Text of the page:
In their February macroeconomic review of Kazakhstan as of 2021, the AERC experts rely on the following preconditions in the document: the price of Brent will develop at $48.5 per barrel on average over the year; economies of the trading partner countries will grow by 4.5%; oil and gas condensate production in Kazakhstan will be 86 million tons. The real GDP of Kazakhstan will grow by 4.8% under these conditions. Consumer inflation will slow down in comparison with 2020 and amount to 6.5% in 2021. According to the AERC forecast, following a gradual recovery of exports and imports, the current account of the balance of payments of Kazakhstan will be formed with a deficit of $9.4 billion amounting to -5% of GDP this year.
“In 2021, given the growing uncertainty in the global economy and the Brent price of $48.5, the dollar against tenge will average 432.8 units in 2021, demonstrating a weakening of the tenge by 4.8% compared to 2020. The nominal cash income in Kazakhstan will grow by 9.5% against the background of growth in nominal wages by 9.2%. According to this year results, the average annual consumer inflation will be at the level of 6.5% against the background of the forecast of weakening of the tenge against dollar and the assumption that the National Bank will keep the base rate at 9%,” the document noted.
The review noted that the financial repression policy introduced by the government is associated with inflationary risks.
“Firstly, through a wide range of state programs of concessional lending to the economy, it actually creates alternative interest rates in the economy, and therefore the real sector does not react to changes in the base interest rate. Given that the measures of concessional lending to the economy are accompanied by an increase in the money supply, while the efficiency of the interest rate channel is constrained by the availability of alternative rates in the economy, the risks of long-term inflation in the country increase. Secondly, such state programs create risks for the financial stability of the banking sector. To overcome this risk, the Kazakhstan Sustainability Fund has been created; it provides liquidity at rates below the base level. However, this practice deprives banks of the ability to provide their own products on market conditions creating risks of instability and lack of independence. Third, the practice of stimulating the economy by making the market value of money cheaper is accompanied by the risk of inflating local bubbles in the economy. In particular, the measure to support SMEs through the provision of concessional lending forces banks to lower the scoring requirements for loan recipients, which creates the likelihood of an increase in bad loans. This process can be called a “bubble of SMEs”: the number of loans to small businesses grew by 19.3% in 2020. There are fears that the state budget will become the lender of last resort,” the AERC experts believe.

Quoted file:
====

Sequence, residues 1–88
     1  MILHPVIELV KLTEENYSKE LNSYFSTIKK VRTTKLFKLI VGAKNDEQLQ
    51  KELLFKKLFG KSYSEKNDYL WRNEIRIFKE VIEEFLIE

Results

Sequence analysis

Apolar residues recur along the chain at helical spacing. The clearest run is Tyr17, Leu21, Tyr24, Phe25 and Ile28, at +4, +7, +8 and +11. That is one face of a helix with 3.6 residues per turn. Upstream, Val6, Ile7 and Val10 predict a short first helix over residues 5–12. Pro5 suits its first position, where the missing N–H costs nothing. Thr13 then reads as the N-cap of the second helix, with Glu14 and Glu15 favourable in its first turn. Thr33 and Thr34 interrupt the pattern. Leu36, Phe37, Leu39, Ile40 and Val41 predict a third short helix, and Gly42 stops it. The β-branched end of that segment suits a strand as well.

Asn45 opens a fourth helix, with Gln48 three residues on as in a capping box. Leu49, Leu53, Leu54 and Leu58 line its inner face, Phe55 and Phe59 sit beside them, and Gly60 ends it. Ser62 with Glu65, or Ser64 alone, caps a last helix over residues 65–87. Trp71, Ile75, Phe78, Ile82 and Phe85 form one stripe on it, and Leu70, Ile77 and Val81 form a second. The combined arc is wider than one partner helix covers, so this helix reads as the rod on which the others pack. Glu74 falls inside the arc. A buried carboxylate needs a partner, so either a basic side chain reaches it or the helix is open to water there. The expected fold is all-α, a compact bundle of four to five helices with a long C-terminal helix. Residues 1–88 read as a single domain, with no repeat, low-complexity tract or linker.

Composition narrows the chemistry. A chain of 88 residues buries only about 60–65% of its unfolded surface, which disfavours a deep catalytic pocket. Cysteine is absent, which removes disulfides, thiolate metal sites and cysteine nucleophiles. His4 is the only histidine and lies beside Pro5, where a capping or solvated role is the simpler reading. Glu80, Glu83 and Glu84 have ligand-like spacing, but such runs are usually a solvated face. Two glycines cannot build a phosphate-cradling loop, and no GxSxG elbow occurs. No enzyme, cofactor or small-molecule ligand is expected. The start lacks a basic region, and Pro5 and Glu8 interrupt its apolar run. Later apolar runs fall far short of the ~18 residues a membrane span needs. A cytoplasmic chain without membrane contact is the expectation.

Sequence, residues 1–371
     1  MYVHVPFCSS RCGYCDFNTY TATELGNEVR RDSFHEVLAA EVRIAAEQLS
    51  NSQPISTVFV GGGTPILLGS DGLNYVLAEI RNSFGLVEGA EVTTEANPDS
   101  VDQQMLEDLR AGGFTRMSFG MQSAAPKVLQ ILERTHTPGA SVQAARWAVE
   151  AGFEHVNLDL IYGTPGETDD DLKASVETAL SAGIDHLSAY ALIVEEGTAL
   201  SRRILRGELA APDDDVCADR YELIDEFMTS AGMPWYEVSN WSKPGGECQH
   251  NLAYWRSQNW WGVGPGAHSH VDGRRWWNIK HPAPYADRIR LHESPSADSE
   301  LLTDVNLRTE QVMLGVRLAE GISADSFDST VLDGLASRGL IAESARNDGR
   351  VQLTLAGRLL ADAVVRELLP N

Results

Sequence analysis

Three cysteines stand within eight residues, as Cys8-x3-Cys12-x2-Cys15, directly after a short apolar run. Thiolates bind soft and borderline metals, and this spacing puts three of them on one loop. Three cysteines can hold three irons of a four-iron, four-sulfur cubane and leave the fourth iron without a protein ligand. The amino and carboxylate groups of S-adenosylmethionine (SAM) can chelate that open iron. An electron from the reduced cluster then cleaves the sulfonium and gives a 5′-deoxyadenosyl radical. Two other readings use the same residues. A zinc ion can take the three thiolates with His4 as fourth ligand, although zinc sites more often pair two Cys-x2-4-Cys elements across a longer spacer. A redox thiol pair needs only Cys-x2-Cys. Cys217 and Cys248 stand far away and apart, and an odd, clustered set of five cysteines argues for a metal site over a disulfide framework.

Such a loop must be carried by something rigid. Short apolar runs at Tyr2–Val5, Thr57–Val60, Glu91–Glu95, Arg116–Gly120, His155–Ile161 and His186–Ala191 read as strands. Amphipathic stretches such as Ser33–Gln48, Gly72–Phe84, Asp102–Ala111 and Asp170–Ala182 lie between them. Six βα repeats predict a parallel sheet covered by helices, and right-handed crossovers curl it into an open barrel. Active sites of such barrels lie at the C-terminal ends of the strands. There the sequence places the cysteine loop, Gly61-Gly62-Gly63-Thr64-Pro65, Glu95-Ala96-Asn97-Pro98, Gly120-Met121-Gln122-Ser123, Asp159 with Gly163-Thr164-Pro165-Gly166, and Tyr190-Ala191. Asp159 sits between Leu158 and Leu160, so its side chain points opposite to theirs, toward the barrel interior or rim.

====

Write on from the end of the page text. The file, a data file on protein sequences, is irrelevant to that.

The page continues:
According to them, the risk of inflating a bubble is present in the mortgage market of Kazakhstan: the demand for housing in 2020 has been growing despite the decline in household income. As a result, the prices on new homes have increased by 5.2%, secondary housing - by 13.1% over the past year. This trend continued in the current year.
Photos are from open sources.